GAP MAP: A gaping hole in our knowledge of jesters, at least in materials available in European languages, concerns examples from Russia. It would do a great service to foolology (fool studies) if a Russian scholar were to dive in and see if they can find more.
In the meantime, I share them as I find them, including literary references. This one is a passing comment in Tolstoy’s War and Peace, in which an aristocratic lady decamps from Moscow with her entourage, which specifically mentions female jesters. See another female buffoon, also in War and Peace, who gives a nonsense response to an unanswerable question.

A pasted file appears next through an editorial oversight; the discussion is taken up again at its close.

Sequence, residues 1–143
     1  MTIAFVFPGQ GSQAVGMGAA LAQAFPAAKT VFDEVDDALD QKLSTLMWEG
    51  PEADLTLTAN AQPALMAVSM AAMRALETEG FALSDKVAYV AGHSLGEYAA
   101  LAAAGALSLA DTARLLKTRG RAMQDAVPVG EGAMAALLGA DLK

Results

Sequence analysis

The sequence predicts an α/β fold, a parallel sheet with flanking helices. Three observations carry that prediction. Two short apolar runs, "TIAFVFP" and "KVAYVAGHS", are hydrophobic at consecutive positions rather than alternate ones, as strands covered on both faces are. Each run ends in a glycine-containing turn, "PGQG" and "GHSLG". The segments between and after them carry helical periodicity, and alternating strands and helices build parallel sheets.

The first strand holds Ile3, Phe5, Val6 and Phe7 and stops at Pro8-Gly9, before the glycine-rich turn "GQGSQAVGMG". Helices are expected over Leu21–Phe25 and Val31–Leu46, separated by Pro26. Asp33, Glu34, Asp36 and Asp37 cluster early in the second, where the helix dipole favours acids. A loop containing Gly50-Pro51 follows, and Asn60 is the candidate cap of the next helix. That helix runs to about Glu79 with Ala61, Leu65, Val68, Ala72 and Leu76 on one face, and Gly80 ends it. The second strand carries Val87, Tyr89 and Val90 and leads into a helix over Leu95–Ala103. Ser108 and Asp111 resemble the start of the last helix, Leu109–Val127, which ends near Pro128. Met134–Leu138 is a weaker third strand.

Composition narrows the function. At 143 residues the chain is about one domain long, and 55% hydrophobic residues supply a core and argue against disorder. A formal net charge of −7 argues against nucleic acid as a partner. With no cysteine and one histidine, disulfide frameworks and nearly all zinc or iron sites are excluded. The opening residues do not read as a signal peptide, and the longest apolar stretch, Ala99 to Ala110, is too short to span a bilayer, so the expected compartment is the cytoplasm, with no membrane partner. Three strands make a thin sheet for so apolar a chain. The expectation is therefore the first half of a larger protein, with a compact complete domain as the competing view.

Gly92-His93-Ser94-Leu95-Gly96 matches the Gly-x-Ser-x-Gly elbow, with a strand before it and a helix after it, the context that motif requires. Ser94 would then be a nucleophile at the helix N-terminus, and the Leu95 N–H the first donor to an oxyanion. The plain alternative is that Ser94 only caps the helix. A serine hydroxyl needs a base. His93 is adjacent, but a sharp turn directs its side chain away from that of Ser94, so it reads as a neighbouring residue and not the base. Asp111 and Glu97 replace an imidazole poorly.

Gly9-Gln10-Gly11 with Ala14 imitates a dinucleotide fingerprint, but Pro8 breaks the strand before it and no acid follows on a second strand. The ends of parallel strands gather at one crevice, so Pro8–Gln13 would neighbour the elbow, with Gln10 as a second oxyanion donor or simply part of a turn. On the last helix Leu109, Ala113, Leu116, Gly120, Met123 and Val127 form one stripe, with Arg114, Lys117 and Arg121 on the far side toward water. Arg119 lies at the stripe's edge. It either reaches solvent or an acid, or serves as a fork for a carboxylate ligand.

In addition, I liked this lively account of a fool in Gorky’s childhood memoirs.
The lady who, afraid of being stopped by Count Rostopchin’s orders, had already in June moved with her negroes and her women-jesters from Moscow to her Saratov estate.
Source: War and Peace, Leo Tolstoy, trans. by Louise and Aylmer Maude (London: Book Club Associates, 1984), p. 18.
Image credit: portrait of Baroness Aleksinova by Johann Baptist von Lampi (1807), public domain